Thursday, January 13, 2011
Eener’s 2011 CSA Details
It's been a pretty fun winter for us. We took a vacation to Florida, which was great…we went to the beach, did some hiking and biking, saw some manatees and went to a farmer’s market. Very fun! Lately I’ve been shoveling snow, looking after my livestock and planning the CSA garden.
The 2011 CSA season is right around the corner! Last year we sold out our St. Paul drop in March and our Stillwater and Hudson drops in April. I’ll start taking on brand spanking new members on February 1. Alumni members are welcome to sign up any time (thanks to all who already have!).
Delivery Locations: I deliver to River Market Co-Op which is located in downtown Stillwater; Fresh and Natural Foods in Hudson; and Hampden Park Co-Op in St. Paul (928 Raymond Ave., fairly near Midway Stadium).
Delivery Days and Times:
River Market Co-op in Stillwater: boxes are delivered on Mondays members pick them up between 1:30 and 9p.m.
Fresh and Natural Foods in Hudson: boxes are delivered on Mondays members pick them up between 2:30 and 9p.m.
Hampden Park Co-op in St. Paul: boxes are delivered on Wednesdays members pick them up between 2:00 and 9p.m.
Share Sizes: I offer full and half shares, both are delivered on a weekly basis. Full shares come in a bushel box, half shares will be packed in a half bushel box. I just love to send out boxes that are plumb full…but in the beginning of the season this is not always possible. On the flip side it can be difficult to fit everything in the boxes towards the middle of the season. In the thick of last year’s season I was running 18-20 different types of veggies in the full-share folks’ boxes and 9-10 different types in half share boxes.
What Size is Best for You? That’s a good question. The full shares are for roughly four people and the half shares are for right around two people. That being said, a pair of serious vegetarians could probably handle a full share. Also, a family of four with children may be just fine with a half share.
Pricing: Full shares sell for $500 and half shares sell for $255.
Box Contents: Here’s what’s on the list for this year: basil, beans, beets, broccoli, Brussels sprouts, cabbage, carrots, celery, chard, cilantro, corn, cucumbers, dill, edamame, eggplant, fennel, gourds, hot peppers, kale, kohlrabi, lettuce, melons, onions, parsley, peas, peppers, potatoes, pumpkins, radishes, rutabaga, spinach, summer squash, winter squash, tomatillos, tomatoes and turnips.
I like to try out new things in my garden. This year I’ll be taking a crack at: okra, cauliflower, fingerling potatoes, some new varieties of broccoli, green zebra tomatoes and anything else that strikes my fancy.
Fruit: I’ve been working on this for the past three years. Fruit takes awhile. I’ve got quite a few fruit projects started…but the only thing I feel comfortable promising for this year is rhubarb. However, some of my efforts may come to fruition this year and if they do, they will certainly show up in your boxes.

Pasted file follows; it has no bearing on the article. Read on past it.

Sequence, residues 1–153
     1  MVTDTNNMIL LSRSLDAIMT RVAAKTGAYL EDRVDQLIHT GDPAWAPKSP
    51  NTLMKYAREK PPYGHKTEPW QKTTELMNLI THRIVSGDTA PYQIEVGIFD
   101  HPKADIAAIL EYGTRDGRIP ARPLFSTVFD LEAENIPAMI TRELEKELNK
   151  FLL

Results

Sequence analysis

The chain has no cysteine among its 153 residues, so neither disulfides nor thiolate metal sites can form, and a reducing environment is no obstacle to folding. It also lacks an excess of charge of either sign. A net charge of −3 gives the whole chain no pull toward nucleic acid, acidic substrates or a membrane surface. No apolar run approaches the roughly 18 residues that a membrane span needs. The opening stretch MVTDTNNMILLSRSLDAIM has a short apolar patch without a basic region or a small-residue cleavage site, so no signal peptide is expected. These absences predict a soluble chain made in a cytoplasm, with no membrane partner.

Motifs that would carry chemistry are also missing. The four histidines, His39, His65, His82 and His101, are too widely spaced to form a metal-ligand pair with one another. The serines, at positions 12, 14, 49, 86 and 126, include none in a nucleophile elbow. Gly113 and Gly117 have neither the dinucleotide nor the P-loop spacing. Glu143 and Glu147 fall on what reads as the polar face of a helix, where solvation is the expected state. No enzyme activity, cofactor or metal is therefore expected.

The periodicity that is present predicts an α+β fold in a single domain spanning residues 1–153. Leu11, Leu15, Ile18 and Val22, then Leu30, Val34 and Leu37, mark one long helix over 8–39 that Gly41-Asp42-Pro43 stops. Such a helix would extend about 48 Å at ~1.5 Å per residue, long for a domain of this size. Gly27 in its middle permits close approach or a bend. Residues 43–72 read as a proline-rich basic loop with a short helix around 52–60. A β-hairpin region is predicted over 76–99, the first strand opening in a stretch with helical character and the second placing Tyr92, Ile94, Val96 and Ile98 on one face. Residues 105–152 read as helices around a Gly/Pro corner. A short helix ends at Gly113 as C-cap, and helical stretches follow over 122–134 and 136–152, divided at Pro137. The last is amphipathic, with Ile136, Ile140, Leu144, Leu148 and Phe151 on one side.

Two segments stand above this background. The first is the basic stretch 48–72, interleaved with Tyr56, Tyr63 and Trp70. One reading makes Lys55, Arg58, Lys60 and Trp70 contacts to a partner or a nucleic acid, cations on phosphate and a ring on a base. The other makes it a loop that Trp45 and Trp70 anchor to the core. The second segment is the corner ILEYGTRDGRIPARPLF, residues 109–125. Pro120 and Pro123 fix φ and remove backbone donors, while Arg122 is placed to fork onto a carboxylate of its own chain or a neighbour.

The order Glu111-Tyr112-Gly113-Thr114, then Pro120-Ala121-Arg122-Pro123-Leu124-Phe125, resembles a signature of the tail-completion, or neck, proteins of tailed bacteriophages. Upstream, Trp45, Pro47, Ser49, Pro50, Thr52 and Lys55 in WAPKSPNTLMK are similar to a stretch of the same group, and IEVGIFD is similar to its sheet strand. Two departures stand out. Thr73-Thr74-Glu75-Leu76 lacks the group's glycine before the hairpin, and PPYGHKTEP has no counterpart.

Our Season Length: This year I’ll be doing 18 weeks starting the second week in June and going until the second week in October. This means that for Stillwater and Hudson folks their first box will be on June 13. St Paul folks’ first box will be on June 15.
How to Contact Eener’s Farm: If you are interested in signing up please e-mail me at firstname.lastname@example.org and I will send you a sign up form. Or you can call me at 715.643.2803 and I’ll sign you up over the phone.
This is all fine and good, but what the heck is a CSA anyway? Basically, a CSA (which stands for Community Supported Agriculture) is a type of direct market farm, meaning the farmer sells food directly to customers. There are a lot of advantages to this kind of farm. For one, customers/members know exactly where their food is coming from (we encourage our members to come visit the farm and we hold a big party at the end of the season for everyone). Secondly, produce from CSA farms doesn’t travel far. As a result it’s better for the environment and members enjoy much fresher produce. Another perk is that CSA farms tend to be really diversified (we grow about 40 varieties of veggies plus herbs) so members get a nice variety of in-season veggies.
Risk. Since farming is so completely tied to the weather, it’s risky business. My goal is to provide my members with an amount of produce that is equal to the money they paid for their share. Over the past two years I think I accomplished this goal. But I can’t promise that this will be true for this year. It’s helpful to think of CSA farms in terms of the stock market; when members buy a share they are making an investment. On a good year they will break even or get an amount of produce that is greater in value than their initial investment. On a bad year, they may end up with an amount of produce that is worth less than what they invested. In buying a full season of produce, the members of CSA farms share the risk with their farmers.
Is Eener’s Farm Organic?: I’m not certified organic, so I can’t advertise myself as organic. I do advertise as “Chemical Free” which means I don’t use any chemical pesticides or herbicides in my farming operations. I looked into the process to become certified and it does involve an investment, which I’d be willing to make. It turns out that being certified also involves TONS of paperwork and record keeping… not my strong points. So at this point I am not pursuing a certification though I remain committed to organic gardening.